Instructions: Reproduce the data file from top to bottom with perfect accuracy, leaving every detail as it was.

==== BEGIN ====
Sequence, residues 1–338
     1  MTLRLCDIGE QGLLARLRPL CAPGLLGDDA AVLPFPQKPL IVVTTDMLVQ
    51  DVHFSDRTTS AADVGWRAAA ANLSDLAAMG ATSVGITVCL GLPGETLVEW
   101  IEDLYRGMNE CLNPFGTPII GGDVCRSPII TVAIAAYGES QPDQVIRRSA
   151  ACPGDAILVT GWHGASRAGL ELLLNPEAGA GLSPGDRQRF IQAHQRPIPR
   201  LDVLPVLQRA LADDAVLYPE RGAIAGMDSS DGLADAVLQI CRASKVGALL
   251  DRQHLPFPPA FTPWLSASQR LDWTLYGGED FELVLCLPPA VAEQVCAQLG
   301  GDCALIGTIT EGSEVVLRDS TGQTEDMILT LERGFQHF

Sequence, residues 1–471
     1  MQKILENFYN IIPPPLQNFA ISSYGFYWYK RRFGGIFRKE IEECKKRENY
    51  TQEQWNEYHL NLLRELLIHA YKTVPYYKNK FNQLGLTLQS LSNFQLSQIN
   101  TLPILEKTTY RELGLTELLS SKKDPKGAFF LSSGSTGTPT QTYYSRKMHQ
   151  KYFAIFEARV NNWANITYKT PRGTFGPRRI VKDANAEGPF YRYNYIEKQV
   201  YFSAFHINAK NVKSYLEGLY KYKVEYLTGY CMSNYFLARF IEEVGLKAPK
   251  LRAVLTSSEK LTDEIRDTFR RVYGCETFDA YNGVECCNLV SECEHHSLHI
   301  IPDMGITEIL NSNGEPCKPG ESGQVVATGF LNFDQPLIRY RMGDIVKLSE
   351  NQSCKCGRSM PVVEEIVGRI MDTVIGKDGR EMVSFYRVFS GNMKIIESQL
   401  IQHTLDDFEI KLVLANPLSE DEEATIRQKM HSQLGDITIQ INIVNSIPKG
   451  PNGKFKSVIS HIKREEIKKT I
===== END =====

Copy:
Sequence, residues 1–338
     1  MTLRLCDIGE QGLLARLRPL CAPGLLGDDA AVLPFPQKPL IVVTTDMLVQ
    51  DVHFSDRTTS AADVGWRAAA ANLSDLAAMG ATSVGITVCL GLPGETLVEW
   101  IEDLYRGMNE CLNPFGTPII GGDVCRSPII TVAIAAYGES QPDQVIRRSA
   151  ACPGDAILVT GWHGASRAGL ELLLNPEAGA GLSPGDRQRF IQAHQRPIPR
   201  LDVLPVLQRA LADDAVLYPE RGAIAGMDSS DGLADAVLQI CRASKVGALL
   251  DRQHLPFPPA FTPWLSASQR LDWTLYGGED FELVLCLPPA VAEQVCAQLG
   301  GDCALIGTIT EGSEVVLRDS TGQTEDMILT LERGFQHF

Sequence, residues 1–471
     1  MQKILENFYN IIPPPLQNFA ISSYGFYWYK RRFGGIFRKE IEECKKRENY
    51  TQEQWNEYHL NLLRELLIHA YKTVPYYKNK FNQLGLTLQS LSNFQLSQIN
   101  TLPILEKTTY RELGLTELLS SKKDPKGAFF LSSGSTGTPT QTYYSRKMHQ
   151  KYFAIFEARV NNWANITYKT PRGTFGPRRI VKDANAEGPF YRYNYIEKQV
   201  YFSAFHINAK NVKSYLEGLY KYKVEYLTGY CMSNYFLARF IEEVGLKAPK
   251  LRAVLTSSEK LTDEIRDTFR RVYGCETFDA YNGVECCNLV SECEHHSLHI
   301  IPDMGITEIL NSNGEPCKPG ESGQVVATGF LNFDQPLIRY RMGDIVKLSE
   351  NQSCKCGRSM PVVEEIVGRI MDTVIGKDGR EMVSFYRVFS GNMKIIESQL
   401  IQHTLDDFEI KLVLANPLSE DEEATIRQKM HSQLGDITIQ INIVNSIPKG
   451  PNGKFKSVIS HIKREEIKKT I